Chapter One: What Your Sons and Daughters Will Learn at University
Universities in the 20th century were dedicated to the advancement of knowledge. Scholarship and research were pursued, and diverse opinions were exchanged and argued in the marketplace of ideas.
This is no longer the case. Particularly in the social sciences, humanities, education, social work, and law, a single political ideology has replaced scholarship and research, because the ideology presents fixed answers to all questions. And, although the most important thing in universities today is the diversity of race, gender, sexual practice, ethnicity, economic class, and physical and mental capability, there is no longer diversity of opinion. Only those committed to the ideology are admitted to academic staff or administration.
Universities have been transformed by the near-universal adoption of three interrelated theories: postmodernism, postcolonialism, and social justice. These theories and their implications will be explored here.
There Is No Truth; Nothing Is Good or Bad
Postmodernism: In the past, academics were trained to seek truth. Today, academics deny that there is such a thing as objective Truth. Instead, they argue that no one can be objective, that everyone is inevitably subjective, and consequently everyone has their own truth. The correct point of view, they urge, is relativism. This means not only that truth is relative to the subjectivity of each individual, but also that ethics and morality are relative to the individual and the culture, so there is no such thing as Good and Evil, or even Right and Wrong. So too with the ways of knowing; your children will learn that there is no objective basis for preferring chemistry over alchemy, astronomy over astrology, or medical doctors over witch doctors. They will learn that facts do not exist; only interpretations do.
All Cultures Are Equally Good; Diversity Is Our Strength
Our social understanding has also been transformed by postmodern relativism. Because moral and ethical principles are deemed to be no more than the collective subjectivity of our culture, it is now regarded as inappropriate to judge the principles and actions of other cultures. This doctrine is called cultural relativism. For example, while racism is held to be the highest sin in the West, and slavery the greatest of our historical sins, your children will learn that we are not allowed to criticize contemporary racism and slavery in Africa, the Middle East, and the equivalents in South Asia.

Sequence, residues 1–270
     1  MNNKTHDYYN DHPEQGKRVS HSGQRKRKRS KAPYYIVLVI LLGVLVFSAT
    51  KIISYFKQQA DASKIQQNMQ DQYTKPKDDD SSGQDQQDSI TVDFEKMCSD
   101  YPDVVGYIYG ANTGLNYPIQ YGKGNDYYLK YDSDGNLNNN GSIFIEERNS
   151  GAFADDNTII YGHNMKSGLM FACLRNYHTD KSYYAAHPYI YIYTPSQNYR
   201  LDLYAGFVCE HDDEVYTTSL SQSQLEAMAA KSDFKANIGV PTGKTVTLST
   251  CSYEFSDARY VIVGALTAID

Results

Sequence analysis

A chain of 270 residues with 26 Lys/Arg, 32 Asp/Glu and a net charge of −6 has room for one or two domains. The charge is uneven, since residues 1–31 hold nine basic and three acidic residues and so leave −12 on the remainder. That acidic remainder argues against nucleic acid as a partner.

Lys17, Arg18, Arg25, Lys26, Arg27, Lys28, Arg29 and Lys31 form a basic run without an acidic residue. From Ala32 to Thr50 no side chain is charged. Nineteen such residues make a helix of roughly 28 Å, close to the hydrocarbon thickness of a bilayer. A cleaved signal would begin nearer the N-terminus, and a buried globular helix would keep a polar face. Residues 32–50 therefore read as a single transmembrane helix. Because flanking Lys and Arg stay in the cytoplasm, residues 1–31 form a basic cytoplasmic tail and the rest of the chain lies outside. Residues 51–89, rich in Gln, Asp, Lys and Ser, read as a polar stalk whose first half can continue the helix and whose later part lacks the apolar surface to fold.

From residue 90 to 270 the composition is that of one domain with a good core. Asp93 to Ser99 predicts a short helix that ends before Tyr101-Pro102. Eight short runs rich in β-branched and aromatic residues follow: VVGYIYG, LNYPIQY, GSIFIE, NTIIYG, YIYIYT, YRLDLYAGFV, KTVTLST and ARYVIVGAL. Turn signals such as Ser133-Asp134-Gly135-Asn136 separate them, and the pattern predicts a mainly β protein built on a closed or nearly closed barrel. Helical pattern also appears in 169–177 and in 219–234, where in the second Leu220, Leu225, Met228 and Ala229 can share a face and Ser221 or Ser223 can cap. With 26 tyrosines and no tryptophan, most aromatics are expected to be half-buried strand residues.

The political manifestation of cultural relativism is multiculturalism, an incoherent concept that projects the integration of multiple incompatible cultures. Diversity is lauded as a virtue in itself. Imagine a country with fifty different languages, each derived from a different culture. That would not be a society, but a tower of babble. How would it work if there were multiple codes of law requiring and forbidding contrary behaviors: driving on the left and driving on the right; monogamy and polygamy; male dominance and gender equality; arranged marriage and individual choice? Your children will learn that our culture is nothing special and that other cultures are awesome.
The West Is Evil; The Rest Are Virtuous
Postcolonialism, the dominant theory in the social sciences today, is inspired by the Marxist-Leninist theory of imperialism, in which the conflict between the capitalist and proletariat classes is allegedly exported to the exploitation of colonized countries. By this means, the theory goes, oppression and poverty t